This is modeled after the Energy Module in Pum, Lesson 3.4 specifically. Students are asked to reason as to how bar charts would change given different points in a bar charts motion. This simulation allows students to instantly check their reasoning.

Making the simulation was straightforward enough, from the get go I knew exactly what I wanted to accomplish. The hard part (unsurprisingly) was figuring out how to get geogebra to do what it was that I wanted it to do. You’ll have to forgive my work, as it is a bit messy, but lo and behold I accomplished my task.

A few notes: I made sure the pendulum bob was bound to the arc length cut out by my pivot point and two anchors, but for some reason it keeps going to a height of 1.01 instead of .98 on the right hand side. Because of this, the Kinetic Energy shows as (slightly) negative on that side. I’m not entirely sure why geogebra is allowing the bob to exceed it bounds on the right hand side, but seeing as this doesn’t really take away from the main point I’m not too worried about it. In addition, the simulation is not mobile, it is bound to the x-axis (technically it is mobile, but I wasn’t clever enough to design it such that all measurements are relative). For fun, I added two sliders: one for the mass of the bob and one for the value of the constant “g”. I imagine students will be able to have fun checking to see how messing with these values will affect the graphs.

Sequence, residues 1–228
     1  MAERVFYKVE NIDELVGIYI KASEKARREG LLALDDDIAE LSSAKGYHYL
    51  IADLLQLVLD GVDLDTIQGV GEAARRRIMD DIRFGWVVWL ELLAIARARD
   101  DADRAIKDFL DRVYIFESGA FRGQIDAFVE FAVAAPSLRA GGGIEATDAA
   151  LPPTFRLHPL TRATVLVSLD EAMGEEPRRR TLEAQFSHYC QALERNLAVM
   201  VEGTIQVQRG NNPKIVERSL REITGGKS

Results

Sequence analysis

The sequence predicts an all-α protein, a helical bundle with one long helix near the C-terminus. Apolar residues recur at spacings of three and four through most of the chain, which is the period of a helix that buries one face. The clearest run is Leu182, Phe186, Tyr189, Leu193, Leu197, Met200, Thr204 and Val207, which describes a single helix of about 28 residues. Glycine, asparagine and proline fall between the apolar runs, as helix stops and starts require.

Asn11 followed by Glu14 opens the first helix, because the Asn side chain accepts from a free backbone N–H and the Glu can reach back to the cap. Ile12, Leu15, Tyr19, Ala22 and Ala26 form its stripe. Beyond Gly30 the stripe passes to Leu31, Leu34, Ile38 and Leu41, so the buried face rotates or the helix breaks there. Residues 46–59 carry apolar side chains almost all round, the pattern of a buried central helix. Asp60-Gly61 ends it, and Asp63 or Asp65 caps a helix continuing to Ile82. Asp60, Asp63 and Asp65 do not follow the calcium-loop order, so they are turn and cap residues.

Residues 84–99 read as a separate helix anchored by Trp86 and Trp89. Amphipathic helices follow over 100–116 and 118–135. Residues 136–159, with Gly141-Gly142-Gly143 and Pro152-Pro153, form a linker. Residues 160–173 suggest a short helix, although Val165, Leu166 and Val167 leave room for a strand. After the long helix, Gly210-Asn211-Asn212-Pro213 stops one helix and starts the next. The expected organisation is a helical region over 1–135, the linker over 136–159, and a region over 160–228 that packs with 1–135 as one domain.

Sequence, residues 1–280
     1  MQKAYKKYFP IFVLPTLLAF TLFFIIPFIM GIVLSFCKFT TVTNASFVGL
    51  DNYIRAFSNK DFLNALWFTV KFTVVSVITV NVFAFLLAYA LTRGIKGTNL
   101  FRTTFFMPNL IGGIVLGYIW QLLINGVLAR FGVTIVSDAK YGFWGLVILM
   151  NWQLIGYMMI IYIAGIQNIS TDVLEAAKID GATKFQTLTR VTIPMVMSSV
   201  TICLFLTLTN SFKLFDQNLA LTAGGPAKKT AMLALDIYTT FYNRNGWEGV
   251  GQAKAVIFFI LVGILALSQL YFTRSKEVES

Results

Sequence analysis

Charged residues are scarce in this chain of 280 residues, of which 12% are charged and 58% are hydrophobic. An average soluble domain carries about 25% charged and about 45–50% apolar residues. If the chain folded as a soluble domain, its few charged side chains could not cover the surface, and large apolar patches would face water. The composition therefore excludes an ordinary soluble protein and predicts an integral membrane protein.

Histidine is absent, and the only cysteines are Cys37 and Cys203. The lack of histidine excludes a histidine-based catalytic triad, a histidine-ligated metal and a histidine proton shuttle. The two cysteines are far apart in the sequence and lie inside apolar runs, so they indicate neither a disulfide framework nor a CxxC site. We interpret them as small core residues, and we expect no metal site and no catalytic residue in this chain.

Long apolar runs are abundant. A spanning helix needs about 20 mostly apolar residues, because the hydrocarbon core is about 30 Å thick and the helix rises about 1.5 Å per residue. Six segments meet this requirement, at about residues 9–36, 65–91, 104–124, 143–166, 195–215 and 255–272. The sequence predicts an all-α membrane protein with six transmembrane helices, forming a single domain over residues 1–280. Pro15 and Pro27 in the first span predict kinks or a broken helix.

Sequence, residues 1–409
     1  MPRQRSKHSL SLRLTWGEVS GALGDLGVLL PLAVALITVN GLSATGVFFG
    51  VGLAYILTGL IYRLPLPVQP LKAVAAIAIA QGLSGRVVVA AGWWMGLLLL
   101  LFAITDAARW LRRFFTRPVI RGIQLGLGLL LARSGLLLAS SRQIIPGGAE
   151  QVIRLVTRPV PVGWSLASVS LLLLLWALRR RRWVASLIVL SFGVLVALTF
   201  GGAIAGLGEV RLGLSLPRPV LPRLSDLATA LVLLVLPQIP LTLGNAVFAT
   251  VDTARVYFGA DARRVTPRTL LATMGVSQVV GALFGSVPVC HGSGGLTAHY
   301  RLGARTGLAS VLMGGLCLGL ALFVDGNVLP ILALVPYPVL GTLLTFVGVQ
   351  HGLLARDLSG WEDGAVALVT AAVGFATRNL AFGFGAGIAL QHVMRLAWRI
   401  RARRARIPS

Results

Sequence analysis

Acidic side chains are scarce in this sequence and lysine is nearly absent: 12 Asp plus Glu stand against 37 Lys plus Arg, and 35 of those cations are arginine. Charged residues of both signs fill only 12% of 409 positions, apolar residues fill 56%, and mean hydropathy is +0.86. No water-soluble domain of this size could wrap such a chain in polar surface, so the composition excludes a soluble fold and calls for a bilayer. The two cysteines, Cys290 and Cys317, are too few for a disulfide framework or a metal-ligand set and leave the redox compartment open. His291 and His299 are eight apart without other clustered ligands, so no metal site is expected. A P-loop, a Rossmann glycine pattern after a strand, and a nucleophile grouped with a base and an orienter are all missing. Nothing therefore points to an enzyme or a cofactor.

Here’s the link.

Mail Merge 2

For the second mail merge, I decided to contrive an electrostatics quiz. The challenge here was deciding what values would lead to realistic results for the students. I really went all out and have large variations in all of the different value fields, so I don’t think any two quizzes are exactly the same. For the question that asks students to solve for conditions of a new acceleration, I decided to just take the answer to the previous question and add two onto that magnitude. I will be able to quickly tell whether or not students got the correct answer that way.

On one of the quizzes the sum of forces is 0. I purposely left this in, as I do not think it is too much to ask students to use their critical reasoning abilities to realize that when the sum of forces is 0, acceleration is 0 and the mass of the object of interest is completely irrelevant.

This quiz is similar to to Electrostatics Quiz 3 CP, question two.

MailMerge2 – Quiz Setup

MailMerge2MERGED – Merged Quizzes

SMITH_MM_project – Value fields listed under “Mail Merge 2”

Mail Merge 1

For the first mail merge project I decided to to keep a similar format to the example quiz we did in class, but I wanted to see just how much I could vary the conditions of the problem using “if”statements and separate conditions in excel. I decided that given the amount of students in each period, I would need at least 7 different quizzes so that no more than 4 students in a period could have the same quiz. I imagine that for points recovery most students in high school will sit down with their friends (either in the same class or other classes) and try to figure out what went wrong, and given the variety of quizzes I think the probability of them having the same quiz is relatively low. I hope the variety will facilitate healthy scientific discussion.

This quiz is similar to the HS Momentum Assessment for Lesson 2.

MailMerge1 – Quiz Setup

MailMerge1MERGED – Merged Quizzes

SMITH_MM_project – Excel Spreadsheet (under mailmerge 1)